One of the many great things my father and his best friend taught me as a boy was how to fly fish.

In a way I guess I forced them into it.

For several years on our fishing trips, I sat in the middle seat of a boat between Daddy and his best friend, who I called Uncle Bert.

We all sat on flat wooden seats. Nobody had seats with backs.

Nobody had trolling motors either. Between nimble casts that dropped flies next to logs and stumps, my father handled a paddle in the rear.

Uncle Bert helped ease the boat along with a shorter paddle, its wood thumping on the wood gunnels before the swish of his casts.

My father fished the waters behind us. He and Uncle Bert timed their back casts to avoid each others’ lines. That’s more than I can say for the little boy who sat between them.

Too young to use a fly rod, I dropped my cork as near as possible to the bank between where they cast their flies.

As I watched them roll their long elegant casts on either side of me, the temptation would build to try to cast my worm the way they did their flies.

When temptation got too great, I would haul my cane pole back and lash it forward as if it were a fly rod.

Often that flung the worm off the hook and onto the bank. A worse result was that sometimes my hook caught a back cast. Then we’d end in a muddle of intertwined line.

That always earned me a lecture from my father.

Once they untangled the spiderweb, I would go back to nursing my cork. The temptation to cast would begin to build again.

Eventually they gave in and taught me the intricacies of fly fishing. That took concentration on my part and patience on theirs.

It also meant that our fishing trips started to require two boats, since it’s probably a geometric impossibility for three people to fly fish from a 14-foot bateau.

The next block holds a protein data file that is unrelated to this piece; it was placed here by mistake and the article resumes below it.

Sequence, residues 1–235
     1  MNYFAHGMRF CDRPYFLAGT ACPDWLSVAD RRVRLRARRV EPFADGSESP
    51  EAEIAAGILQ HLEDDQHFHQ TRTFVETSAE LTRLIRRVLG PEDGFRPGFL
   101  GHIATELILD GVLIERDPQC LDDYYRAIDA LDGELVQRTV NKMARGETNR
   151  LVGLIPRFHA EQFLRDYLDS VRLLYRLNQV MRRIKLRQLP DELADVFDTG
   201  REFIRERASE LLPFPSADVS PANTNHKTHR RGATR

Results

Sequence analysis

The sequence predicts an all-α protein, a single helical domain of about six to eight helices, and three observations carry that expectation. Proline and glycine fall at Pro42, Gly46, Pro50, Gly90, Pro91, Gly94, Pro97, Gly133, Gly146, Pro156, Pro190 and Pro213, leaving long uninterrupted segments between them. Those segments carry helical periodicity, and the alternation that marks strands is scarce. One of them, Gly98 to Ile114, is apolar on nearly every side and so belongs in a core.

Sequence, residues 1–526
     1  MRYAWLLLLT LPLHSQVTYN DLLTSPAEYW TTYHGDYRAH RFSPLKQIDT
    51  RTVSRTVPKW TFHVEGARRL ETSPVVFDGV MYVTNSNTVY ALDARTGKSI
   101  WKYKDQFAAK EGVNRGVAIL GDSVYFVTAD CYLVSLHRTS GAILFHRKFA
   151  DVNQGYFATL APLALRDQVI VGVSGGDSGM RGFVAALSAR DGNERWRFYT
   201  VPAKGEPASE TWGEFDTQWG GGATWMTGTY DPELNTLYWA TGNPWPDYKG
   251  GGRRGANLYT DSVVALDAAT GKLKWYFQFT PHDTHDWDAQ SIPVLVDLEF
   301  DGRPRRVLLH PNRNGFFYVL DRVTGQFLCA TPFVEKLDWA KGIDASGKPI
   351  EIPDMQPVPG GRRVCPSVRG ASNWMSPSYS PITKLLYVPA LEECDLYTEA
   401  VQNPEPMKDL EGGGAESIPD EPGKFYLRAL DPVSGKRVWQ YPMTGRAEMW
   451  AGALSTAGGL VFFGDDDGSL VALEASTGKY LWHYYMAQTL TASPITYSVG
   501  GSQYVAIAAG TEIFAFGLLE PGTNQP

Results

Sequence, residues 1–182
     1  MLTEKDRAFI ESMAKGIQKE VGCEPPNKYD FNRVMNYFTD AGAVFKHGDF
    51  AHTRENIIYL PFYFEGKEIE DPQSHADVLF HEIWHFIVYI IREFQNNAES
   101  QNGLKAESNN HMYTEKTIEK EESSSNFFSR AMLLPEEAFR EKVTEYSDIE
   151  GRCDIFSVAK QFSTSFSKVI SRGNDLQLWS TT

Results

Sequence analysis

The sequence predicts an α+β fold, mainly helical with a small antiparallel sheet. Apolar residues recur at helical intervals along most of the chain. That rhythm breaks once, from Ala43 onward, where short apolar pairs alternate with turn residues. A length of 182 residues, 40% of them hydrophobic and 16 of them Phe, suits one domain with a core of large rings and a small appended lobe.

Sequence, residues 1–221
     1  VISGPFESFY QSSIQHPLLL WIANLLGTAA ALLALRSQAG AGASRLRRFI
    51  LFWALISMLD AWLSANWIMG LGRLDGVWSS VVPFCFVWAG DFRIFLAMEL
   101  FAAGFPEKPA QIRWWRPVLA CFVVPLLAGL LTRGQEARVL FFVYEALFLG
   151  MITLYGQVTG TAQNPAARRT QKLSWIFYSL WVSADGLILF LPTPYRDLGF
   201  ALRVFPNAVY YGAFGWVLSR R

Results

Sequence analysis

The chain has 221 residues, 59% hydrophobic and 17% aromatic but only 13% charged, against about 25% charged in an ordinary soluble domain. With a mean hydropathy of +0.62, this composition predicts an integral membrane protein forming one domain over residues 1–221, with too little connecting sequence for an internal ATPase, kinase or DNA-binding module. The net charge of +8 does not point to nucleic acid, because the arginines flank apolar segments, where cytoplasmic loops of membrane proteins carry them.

Our days fly fishing remain some of the warmest memories of my childhood.

It was rare for a weekend to go by in the spring or summer when at least two, if not all three of us, didn’t find a bayou, lake or pond where we would fish together.

At dawn we would cast popping bugs bigger than a thumb nail to attract the vicious strikes of bass. We’d set the hooks as the fish darted away, and the fight was on.

Of all the fishing I’ve done in my life, nothing compares to fighting a big bass on a limber fly rod.

As the sun rose and the bass strikes stopped, we’d change to smaller, wooden bugs that attracted bream.

Some days every well placed cast seemed to result in a strike.

Uncle Bert, Daddy and I spent two decades fishing with each other every chance we got. That time passed too quickly.

An album of those days resides in my memory like snapshots or bits of video.

Nearly 60 years after my first fly fishing lessons, I still feel the instructions of my dad and Uncle Bert in my wrist and arm whenever I pick up a fly rod.

Contact Advocate Florida Parishes bureau chief Bob Anderson by email at